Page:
No one should disrupt Mau Forest evictions
A fresh initiative to restore the Mau Forest complex comes with serious political implications, but must be actualised in whichever way.
Over the years, parts of the forest, like others elsewhere, have either been excised and allocated to individuals or opened up for occupation by illegal squatters, all to serve selfish political interests but with consequent environmental degradation.
Now, the government has ordered the eviction of illegal squatters from the forest following a recent report by a task force commissioned by Environment Cabinet Secretary Keriako Tobiko, which recommended the recovery and restoration of all natural forests to avert natural calamities associated with degradation of the ecosystems.
Further, the government has enforced a ban on logging, which has become the singular cause of depletion of forests.
So far, we are encouraged that the government is acting on the recommendations and has begun the evictions, which it says will continue until the last person leaves the forest.
The authorities must act resolutely and see the exercise through to its logical end. The only caveat, though, is that the evictions should be humane.
Never again should we allow forests and other natural resources to be depleted through the instigation of politicians serving short-lived and selfish interests.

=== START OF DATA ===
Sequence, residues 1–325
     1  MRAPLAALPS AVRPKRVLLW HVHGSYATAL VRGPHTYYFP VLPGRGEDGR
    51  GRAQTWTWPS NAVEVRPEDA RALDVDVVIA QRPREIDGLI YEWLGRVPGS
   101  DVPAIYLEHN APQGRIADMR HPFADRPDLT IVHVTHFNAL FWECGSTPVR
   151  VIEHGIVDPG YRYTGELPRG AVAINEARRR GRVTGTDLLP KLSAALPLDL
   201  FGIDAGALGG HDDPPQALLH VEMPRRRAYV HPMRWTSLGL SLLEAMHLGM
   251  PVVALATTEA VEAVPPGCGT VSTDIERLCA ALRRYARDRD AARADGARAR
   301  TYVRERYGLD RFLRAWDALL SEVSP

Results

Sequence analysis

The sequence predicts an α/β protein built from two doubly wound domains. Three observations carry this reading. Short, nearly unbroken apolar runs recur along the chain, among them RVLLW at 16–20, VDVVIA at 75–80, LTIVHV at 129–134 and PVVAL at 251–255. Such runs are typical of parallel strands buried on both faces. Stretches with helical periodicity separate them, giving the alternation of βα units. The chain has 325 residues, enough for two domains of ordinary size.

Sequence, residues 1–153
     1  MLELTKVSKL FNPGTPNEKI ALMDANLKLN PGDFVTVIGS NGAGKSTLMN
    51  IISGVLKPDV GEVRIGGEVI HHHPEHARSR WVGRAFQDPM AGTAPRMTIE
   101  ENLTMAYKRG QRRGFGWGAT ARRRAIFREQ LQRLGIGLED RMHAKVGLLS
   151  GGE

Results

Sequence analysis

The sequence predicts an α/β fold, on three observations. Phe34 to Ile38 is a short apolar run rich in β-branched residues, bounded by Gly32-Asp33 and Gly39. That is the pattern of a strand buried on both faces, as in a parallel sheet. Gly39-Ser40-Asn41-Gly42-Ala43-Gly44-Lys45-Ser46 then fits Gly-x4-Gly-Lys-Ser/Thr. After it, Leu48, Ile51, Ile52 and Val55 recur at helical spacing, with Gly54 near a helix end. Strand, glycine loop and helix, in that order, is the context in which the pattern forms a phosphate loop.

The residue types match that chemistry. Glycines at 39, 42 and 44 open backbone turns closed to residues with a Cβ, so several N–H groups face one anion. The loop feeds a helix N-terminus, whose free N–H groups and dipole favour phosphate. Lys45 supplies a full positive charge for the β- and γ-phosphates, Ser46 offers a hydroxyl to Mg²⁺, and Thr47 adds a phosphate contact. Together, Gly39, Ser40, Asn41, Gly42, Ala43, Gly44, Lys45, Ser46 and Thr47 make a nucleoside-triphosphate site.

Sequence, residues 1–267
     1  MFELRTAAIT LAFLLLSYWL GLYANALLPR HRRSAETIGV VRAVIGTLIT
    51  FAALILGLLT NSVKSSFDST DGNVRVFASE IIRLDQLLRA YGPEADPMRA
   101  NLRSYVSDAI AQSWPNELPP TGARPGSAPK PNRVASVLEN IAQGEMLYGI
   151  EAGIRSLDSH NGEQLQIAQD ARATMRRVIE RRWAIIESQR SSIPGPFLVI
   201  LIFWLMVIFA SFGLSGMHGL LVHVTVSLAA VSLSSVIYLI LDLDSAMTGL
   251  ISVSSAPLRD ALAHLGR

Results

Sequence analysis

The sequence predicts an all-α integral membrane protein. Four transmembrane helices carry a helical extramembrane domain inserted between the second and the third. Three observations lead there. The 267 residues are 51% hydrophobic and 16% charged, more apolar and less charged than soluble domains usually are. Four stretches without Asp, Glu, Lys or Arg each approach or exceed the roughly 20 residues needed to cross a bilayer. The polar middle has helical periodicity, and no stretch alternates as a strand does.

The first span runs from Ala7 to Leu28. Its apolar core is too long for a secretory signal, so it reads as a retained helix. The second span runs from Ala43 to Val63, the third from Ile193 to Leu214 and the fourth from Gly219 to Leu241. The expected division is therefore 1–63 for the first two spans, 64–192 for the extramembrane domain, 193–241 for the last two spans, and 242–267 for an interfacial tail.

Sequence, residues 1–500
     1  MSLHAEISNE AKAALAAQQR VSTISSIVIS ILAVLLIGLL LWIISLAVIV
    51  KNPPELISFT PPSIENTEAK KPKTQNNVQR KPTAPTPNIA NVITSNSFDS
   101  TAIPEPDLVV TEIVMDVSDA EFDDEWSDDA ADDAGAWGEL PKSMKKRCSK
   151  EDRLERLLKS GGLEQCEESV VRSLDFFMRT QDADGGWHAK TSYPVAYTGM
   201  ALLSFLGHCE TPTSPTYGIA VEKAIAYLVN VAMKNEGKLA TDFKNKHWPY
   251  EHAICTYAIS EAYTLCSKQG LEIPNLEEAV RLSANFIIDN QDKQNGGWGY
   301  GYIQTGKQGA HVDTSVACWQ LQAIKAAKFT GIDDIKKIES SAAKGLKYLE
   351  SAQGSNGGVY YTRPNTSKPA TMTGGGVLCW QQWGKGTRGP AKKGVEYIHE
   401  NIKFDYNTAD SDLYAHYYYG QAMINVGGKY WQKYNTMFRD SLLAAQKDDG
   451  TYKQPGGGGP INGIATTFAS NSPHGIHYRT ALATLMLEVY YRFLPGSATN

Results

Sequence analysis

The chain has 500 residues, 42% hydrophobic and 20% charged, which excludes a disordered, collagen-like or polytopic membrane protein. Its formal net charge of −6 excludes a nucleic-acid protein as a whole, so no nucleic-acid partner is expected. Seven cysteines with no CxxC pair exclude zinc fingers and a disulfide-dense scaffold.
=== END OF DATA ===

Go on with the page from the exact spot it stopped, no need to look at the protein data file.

Forest and public resources should never be allocated to individuals — as happened in the past, especially during the Kanu era, when they were used to buy political support.
Indeed, years of plunder have seen the Mau lose a massive 8,214 hectares of forest cover between 1973 and 2005 with heavy environmental losses.
Many rivers have dried up and the geological impact on the lower basins, including Narok Town, has been severe.
Despite that, efforts to restore it to its original form and shape have faced serious contestations, largely fuelled by politicians.
The most memorable was in 2009, when the Grand Coalition government decreed eviction of illegal squatters and which assignment was given to then-Prime Minister Raila Odinga.
It would be stiffly resisted and later used against him. In 2013, when he contested the presidency, he was accused of dispossessing the squatters and leaving them homeless by evicting them from the forest.
For now, the task ahead is to remove the families who have since taken occupation of the forest land and, beyond that, the government must embark on a comprehensive restoration programme, including planting trees and protecting it from further exploitation.
Mau is the biggest of the country’s five water towers and feeds several rivers that flow to Lake Victoria and serve the entire East Africa. It must be protected and the politicians must keep off.